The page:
WESTFIELD-Older adults are sought for focus groups underway to determine the strengths and weaknesses of the city’s Council on Aging programs and services.
“I approached the Council on Aging (COA) board of directors several months ago because I want the department to have a strategic plan,” said Tina Gorman, executive director. “There is no firm deadline, but I am aiming for Dec. 31 so that we may begin implementing the plan in January of 2020.”
Gorman noted the importance of a strategic plan is to evaluate the strengths, weaknesses, challenges, issues and threats that the department faces in the future. Once the final draft is done, she will review the details with the new mayor.
“Implementation of the plan will take place over time and in increments by the staff, with input from the COA Board,” said Gorman.
Kerry Kielbasa, who serves as vice-chairman of the board of directors, is chairing the strategic plan subcommittee that is overseeing the overall process.
“I am currently conducting SWOT (Strengths, Weaknesses, Opportunities, Threats) analysis sessions,” said Kielbasa, who has extensive experience in the field of aging.
Kielbasa, who served on the phase 2 building committee of the Westfield Senior Center, spent more than 25 years as director of human services for the Town of Granby, Conn. She was responsible for the day-to-day operation of the senior center, including designing and building a new facility, achieving national accreditation by the National Council on Aging for the center three times, and initiating numerous programs and services to enhance the quality of life for the town’s senior citizens.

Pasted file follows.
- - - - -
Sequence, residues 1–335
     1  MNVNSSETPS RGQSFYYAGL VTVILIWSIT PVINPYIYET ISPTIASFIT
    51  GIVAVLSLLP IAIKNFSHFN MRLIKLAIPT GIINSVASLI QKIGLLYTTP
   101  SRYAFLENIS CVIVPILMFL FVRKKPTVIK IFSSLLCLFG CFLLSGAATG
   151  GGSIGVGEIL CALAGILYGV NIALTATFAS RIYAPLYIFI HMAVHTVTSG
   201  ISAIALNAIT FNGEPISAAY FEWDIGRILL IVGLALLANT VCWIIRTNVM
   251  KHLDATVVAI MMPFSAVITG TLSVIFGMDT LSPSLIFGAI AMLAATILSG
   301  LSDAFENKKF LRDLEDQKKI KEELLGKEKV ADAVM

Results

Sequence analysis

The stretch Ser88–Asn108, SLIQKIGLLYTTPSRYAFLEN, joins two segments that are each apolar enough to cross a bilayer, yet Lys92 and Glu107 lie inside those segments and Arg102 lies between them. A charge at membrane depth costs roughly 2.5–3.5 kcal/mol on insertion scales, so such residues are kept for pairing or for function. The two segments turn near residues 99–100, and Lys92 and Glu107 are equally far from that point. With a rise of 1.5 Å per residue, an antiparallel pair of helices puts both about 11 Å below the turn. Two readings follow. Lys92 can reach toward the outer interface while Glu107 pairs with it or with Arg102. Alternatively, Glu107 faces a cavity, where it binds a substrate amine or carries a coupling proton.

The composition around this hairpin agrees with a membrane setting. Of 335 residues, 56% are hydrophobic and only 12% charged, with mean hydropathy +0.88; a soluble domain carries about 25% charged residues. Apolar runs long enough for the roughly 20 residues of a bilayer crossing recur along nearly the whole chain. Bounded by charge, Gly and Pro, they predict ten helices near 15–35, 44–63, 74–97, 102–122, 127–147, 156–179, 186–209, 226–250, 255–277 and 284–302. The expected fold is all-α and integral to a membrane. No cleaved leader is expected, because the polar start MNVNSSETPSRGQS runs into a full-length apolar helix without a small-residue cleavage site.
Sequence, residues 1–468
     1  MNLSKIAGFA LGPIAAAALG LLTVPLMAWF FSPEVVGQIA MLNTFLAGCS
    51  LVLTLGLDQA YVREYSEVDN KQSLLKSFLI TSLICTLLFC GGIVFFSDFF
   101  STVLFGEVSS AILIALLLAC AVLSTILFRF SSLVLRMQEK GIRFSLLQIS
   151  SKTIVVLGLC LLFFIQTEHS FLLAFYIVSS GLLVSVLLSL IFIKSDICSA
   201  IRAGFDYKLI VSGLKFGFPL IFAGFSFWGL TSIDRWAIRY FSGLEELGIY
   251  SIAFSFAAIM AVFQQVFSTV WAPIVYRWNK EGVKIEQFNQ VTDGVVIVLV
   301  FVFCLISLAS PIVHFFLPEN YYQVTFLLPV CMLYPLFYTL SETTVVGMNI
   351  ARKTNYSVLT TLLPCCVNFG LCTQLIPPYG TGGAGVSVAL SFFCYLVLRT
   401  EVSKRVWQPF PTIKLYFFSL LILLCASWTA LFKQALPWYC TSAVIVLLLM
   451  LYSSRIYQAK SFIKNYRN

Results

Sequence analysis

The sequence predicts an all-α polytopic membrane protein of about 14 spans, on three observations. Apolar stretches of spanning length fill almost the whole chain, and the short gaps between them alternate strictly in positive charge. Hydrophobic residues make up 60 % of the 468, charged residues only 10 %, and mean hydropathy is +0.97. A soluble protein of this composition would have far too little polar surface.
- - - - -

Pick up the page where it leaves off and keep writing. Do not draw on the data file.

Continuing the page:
“Strategic planning is a critical element in the accreditation process,” said Kielbasa, adding she continues to serve as a National Peer Reviewer for Accreditation for the National Council on Aging.
Kielbasa explained that the information garnered from the analysis sessions will become the foundation for the plan. In recent weeks, Kielbasa has surveyed the COA staff, board members, and members of the Friends of the Westfield Senior Center.
“In the focus groups the members are asked what the senior center does well, where improvements could be made, and suggestions for new programs and services,” said Kielbasa, adding that participants are also asked about concerns they may have about aging in the city.
“A discussion pursues and notes are taken during the session,” said Kielbasa. “Eileen Rockwal, a COA member, has been gracious enough to serve as the scribe for the sessions.”
The next focus group session at the Westfield Senior Center is slated Oct. 29 at 1 p.m. and interested older adults can contact Mary Lou Niedzielski, COA program director, at (413) 562-6435 to sign up or send an email to Kielbasa at [email protected]. A maximum of 20 to 25 adults is recommended for each gathering.
“I can add other focus groups if the interest is out there,” said Kielbasa.
Strengths of the department determined by focus group participants to date include an “excellent staff,” “great food,” “great programs,” and a “police safety office.” Weaknesses cited by participants have included “limited evening hours,” “registration process for classes,” and “transportation to the center.”